1893 André Bloch (20 Nov 1893 in Besançon, France - 11 Oct 1948 in Paris, France) attended the École Polytechnique in 1913 then was drafted in 1914. An accident at the front made him unfit for military service. On 17 Nov 1917, at a family meal, he murdered one of his brothers, his uncle and his aunt. He was confined to a psychiatric hospital (Saint-Maurice Hospital) where he worked on a large range of topics, function theory, geometry, number theory, algebraic equations and kinematics.
Bloch wrote many important papers, corresponding with Hadamard, Mittag-Leffler, Pólya and Henri Cartan (Élie Cartan's son). He was a model patient who refused to go out saying Mathematics is enough for me. Bloch explained the murders to his doctor saying It's a matter of mathematical logic. There had been mental illness in my family. He saw it as his eugenic duty! The Académie awarded him the Becquerel Prize just before his death. *SAU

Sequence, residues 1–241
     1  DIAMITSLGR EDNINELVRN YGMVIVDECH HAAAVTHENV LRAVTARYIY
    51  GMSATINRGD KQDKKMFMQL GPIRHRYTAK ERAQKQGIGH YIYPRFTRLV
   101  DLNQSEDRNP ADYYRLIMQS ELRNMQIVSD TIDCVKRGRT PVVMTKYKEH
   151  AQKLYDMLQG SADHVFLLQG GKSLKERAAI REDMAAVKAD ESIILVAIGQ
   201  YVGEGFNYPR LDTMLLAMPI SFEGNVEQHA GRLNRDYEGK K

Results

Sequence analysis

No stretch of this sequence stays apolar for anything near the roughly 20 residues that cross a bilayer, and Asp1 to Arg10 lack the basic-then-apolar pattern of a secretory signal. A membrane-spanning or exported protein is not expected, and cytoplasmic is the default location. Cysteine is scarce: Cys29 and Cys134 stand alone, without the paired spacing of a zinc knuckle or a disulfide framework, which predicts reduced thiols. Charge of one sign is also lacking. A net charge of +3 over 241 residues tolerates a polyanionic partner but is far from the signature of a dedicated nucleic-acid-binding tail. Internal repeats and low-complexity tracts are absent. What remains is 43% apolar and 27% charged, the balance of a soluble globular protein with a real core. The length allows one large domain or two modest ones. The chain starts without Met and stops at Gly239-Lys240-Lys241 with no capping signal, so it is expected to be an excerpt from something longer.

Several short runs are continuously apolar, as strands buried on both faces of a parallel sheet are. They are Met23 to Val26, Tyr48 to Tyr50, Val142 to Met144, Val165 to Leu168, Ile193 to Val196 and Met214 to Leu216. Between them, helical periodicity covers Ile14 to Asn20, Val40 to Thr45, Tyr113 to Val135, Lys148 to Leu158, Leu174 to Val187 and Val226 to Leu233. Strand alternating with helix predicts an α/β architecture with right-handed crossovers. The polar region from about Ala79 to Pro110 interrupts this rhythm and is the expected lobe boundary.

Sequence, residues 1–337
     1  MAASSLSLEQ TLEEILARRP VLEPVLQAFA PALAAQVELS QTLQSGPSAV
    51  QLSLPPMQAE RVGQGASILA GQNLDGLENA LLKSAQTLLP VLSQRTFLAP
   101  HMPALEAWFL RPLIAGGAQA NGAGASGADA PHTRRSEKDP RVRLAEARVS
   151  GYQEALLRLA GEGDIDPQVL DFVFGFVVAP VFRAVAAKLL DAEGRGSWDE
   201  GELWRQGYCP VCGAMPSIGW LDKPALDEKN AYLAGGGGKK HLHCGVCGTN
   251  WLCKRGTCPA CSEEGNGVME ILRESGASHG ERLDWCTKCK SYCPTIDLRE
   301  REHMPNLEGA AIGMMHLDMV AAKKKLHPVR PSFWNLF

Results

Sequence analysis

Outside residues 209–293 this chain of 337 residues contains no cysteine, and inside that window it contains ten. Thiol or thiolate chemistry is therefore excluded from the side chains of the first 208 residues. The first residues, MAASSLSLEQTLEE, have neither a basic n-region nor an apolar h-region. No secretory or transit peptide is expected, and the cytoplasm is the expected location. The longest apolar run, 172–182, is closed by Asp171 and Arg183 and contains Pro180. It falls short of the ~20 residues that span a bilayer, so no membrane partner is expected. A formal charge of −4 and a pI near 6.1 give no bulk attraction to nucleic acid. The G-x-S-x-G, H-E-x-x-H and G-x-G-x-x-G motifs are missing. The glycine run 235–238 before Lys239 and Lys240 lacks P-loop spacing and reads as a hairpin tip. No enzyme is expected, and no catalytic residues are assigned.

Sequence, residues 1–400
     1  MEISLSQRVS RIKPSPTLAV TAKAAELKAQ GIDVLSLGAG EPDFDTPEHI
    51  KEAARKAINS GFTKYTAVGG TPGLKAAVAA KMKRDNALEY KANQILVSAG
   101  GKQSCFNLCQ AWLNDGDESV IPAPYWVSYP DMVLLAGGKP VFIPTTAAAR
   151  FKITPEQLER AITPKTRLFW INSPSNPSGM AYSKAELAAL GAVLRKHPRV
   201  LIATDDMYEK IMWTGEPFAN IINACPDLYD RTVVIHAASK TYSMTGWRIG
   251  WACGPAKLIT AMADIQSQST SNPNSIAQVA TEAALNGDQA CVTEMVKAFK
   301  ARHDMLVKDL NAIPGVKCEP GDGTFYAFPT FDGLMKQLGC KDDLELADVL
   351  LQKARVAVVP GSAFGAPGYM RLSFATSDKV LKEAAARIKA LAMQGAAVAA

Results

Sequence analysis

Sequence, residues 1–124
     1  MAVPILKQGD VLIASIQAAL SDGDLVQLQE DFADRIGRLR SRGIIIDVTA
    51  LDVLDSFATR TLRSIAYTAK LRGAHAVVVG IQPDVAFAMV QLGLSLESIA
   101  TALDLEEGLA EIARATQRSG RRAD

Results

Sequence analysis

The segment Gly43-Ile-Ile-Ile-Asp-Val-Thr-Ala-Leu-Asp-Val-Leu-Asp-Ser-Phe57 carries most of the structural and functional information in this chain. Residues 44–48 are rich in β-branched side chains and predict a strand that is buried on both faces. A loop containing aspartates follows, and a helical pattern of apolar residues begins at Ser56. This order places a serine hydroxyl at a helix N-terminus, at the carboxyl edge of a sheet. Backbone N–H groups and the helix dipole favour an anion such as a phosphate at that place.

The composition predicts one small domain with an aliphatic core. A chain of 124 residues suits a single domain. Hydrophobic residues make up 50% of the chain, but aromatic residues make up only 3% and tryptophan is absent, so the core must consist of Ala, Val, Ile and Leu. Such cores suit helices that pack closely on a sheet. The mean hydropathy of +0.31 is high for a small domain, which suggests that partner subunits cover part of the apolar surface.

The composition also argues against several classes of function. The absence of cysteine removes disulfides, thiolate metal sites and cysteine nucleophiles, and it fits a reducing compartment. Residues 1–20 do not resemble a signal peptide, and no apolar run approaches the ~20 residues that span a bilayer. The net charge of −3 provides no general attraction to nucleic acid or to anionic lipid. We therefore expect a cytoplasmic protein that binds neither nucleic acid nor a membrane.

1917 Leonard Jimmie Savage (20 November 1917 – 1 November 1971) was an American mathematician and statistician. Nobel Prize-winning economist Milton Friedman said Savage was "one of the few people I have met whom I would unhesitatingly call a genius." His most noted work was the 1954 book Foundations of Statistics, in which he put forward a theory of subjective and personal probability and statistics which forms one of the strands underlying Bayesian statistics and has applications to game theory.
During World War II, Savage served as chief "statistical" assistant to John von Neumann, the mathematician credited with building the first electronic computer.
One of Savage's indirect contributions was his discovery of the work of Louis Bachelier on stochastic models for asset prices and the mathematical theory of option pricing. Savage brought the work of Bachelier to the attention of Paul Samuelson. It was from Samuelson's subsequent writing that "random walk" (and subsequently Brownian motion) became fundamental to mathematical finance.